Editorial - Time to clean up online debateWhatever happened to respectful, thoughtful debate? Why do some people feel the need to trash others personally instead of acknowledging their point and then offering one of their own in a calm, rational manner?
Whatever happened to respectful, thoughtful debate?
Why do some people feel the need to trash others personally instead of acknowledging their point and then offering one of their own in a calm, rational manner?
Name calling, finger pointing and bullying should have been left in the sandbox. Yet, too frequently, that type of behavior keeps popping up in the comment section of the Echo Press Web site, www.echopress.com.
It’s time to clean up the online debate.
It’s fine to disagree with someone and putting a little heat behind an argument is understandable. But when posters use strong-arm tactics like intimidation, insults and personal attacks, they clearly cross the line. And they face consequences – including being banned from posting any more comments, a step the newspaper had to take this week.
The newspaper has long been a supporter of robust debate. But that debate must be open to everyone – not just a select few who repeatedly berate anyone who happens to disagree with them.
The newspaper’s comment board, although monitored by readers and not the newspaper, should not be “hijacked” by a select few who try to bully others by prying into their personal lives or attacking them on a personal level.
Those who post comments deserve better than that.
When people offer an opinion, they should not feel threatened or belittled. They should not fear reprisals of being called stupid or other school-yard adjectives. They should not have to put up with others trying to guess who they are, where they live or what they do.
They should feel good about themselves for taking the time to share their views. No one, after all, knows all the answers to every topic all the time (as much as they think they do!).
Some seem to think of the comment section as their own little political fiefdom where they twist every comment into a vicious political feud that only they can “win.”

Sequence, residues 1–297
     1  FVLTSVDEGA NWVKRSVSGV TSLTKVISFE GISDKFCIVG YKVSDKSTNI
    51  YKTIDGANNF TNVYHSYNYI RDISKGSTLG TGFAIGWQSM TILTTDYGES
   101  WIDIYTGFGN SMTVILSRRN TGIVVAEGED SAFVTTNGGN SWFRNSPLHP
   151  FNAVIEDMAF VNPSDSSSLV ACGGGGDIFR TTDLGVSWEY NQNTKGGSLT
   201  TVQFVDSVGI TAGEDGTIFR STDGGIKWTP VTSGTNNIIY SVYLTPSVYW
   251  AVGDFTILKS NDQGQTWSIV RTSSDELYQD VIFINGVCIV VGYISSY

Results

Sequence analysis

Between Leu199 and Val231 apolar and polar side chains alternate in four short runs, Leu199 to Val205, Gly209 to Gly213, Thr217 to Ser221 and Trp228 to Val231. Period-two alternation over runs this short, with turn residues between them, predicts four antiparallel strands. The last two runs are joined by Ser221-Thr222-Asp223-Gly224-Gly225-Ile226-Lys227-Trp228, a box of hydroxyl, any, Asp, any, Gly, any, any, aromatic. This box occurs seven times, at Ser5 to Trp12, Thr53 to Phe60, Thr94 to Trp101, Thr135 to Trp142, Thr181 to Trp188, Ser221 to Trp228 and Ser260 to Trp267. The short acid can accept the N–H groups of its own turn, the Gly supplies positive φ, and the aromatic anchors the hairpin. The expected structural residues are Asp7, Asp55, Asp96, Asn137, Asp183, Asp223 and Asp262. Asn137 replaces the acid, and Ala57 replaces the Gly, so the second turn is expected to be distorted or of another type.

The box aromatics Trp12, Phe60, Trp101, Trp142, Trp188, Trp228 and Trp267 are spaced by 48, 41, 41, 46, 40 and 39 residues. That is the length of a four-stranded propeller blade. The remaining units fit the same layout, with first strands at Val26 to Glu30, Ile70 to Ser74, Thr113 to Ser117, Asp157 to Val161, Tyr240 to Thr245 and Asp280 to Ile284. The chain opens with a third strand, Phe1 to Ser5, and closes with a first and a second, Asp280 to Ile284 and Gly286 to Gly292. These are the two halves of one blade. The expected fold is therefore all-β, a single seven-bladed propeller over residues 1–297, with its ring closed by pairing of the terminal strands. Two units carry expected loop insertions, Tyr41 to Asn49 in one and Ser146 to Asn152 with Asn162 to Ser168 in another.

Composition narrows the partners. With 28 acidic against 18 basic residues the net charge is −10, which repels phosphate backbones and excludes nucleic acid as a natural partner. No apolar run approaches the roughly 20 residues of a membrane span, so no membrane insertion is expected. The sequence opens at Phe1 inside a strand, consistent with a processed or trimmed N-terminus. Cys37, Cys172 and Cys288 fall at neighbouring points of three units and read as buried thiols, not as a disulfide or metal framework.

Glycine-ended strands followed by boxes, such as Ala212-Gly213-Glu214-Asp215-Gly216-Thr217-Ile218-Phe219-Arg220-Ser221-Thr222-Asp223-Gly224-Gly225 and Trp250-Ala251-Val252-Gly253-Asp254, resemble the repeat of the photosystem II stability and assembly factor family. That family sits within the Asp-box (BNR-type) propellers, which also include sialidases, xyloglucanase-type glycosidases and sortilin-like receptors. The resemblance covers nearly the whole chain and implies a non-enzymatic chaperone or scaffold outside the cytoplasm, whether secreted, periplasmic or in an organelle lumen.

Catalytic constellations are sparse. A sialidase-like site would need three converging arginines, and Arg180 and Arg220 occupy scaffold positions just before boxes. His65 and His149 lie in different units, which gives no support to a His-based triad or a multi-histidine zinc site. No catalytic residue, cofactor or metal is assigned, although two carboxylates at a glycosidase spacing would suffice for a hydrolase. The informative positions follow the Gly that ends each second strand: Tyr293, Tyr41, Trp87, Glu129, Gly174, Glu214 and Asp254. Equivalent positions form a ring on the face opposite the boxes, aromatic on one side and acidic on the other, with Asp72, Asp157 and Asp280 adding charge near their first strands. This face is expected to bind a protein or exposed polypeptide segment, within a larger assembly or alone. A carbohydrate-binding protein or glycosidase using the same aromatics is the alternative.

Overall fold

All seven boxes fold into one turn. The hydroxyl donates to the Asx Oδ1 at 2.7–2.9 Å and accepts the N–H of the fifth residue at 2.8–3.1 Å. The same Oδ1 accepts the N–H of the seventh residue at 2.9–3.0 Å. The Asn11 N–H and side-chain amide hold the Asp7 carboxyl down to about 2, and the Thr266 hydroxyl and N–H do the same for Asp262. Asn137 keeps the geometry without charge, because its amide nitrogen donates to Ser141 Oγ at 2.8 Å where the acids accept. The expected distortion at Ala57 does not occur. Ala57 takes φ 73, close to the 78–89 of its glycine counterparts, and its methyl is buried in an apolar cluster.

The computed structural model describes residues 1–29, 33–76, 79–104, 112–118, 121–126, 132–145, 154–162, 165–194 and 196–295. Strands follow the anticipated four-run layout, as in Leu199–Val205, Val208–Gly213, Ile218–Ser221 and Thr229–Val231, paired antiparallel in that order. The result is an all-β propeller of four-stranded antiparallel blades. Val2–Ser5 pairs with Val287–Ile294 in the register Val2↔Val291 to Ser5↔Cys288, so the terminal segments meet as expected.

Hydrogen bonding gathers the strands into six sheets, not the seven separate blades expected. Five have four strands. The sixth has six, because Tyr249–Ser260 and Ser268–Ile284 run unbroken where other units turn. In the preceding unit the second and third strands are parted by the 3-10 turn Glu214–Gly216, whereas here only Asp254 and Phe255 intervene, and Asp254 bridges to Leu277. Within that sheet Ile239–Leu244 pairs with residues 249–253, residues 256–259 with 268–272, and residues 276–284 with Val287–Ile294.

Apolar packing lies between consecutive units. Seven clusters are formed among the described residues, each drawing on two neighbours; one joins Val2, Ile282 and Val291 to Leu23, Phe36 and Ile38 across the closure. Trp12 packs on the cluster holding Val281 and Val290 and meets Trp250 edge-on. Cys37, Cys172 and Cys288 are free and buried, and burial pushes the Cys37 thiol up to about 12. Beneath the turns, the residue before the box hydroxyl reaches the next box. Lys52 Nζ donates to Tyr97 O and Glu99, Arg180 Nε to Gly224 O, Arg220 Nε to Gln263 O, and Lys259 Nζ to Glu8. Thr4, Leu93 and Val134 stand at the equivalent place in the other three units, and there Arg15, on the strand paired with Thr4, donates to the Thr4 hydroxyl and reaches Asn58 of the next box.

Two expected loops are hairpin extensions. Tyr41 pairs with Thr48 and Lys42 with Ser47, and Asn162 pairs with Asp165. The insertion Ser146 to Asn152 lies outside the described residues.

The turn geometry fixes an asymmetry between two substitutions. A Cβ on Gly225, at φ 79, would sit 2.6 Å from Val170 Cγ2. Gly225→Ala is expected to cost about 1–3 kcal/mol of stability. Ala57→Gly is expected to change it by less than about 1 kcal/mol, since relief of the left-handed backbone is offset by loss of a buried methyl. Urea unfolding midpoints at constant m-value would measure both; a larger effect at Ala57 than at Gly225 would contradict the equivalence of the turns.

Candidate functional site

The comment board, when used constructively, is an excellent way for the community to discuss a wide range of issues – from the fun and frivolous to the sad and serious. It’s immediate, informal and interactive.
Comments that have been posted online have also triggered good story ideas for the newspaper. A story we did a couple of years ago about a boy who was sexually abused by his guardian, for example, generated an outpouring of online questions about why the child was placed in the guardian’s care. We did a follow-up story addressing the questions.
If you’ve never posted a comment on our online site, we encourage you to do so. It’s a simple, quick way to offer feedback on a story or a letter.
If you haven’t posted in awhile because your last comment was slammed by someone else, we urge you to give it another try. With help from readers, we’re trying to make the comment board user-friendly and respectful to others. Remember, you can report suspected violations to us with a click of a button.
And if you’re one of those posters who makes disrespectful remarks, tries to guess someone else’s identity or finds enjoyment in criticizing someone personally merely for sharing an opinion – knock it off. You’ve been warned.
A quote from Ralph Waldo Emerson is an appropriate end to this editorial: “Men are respectable only as they respect.”
Echo Press editorials are the position of the newspaper’s editorial board, which includes Jody Hanson, publisher; Al Edenloff, editor; and news reporters Celeste Beam and Mike Enright.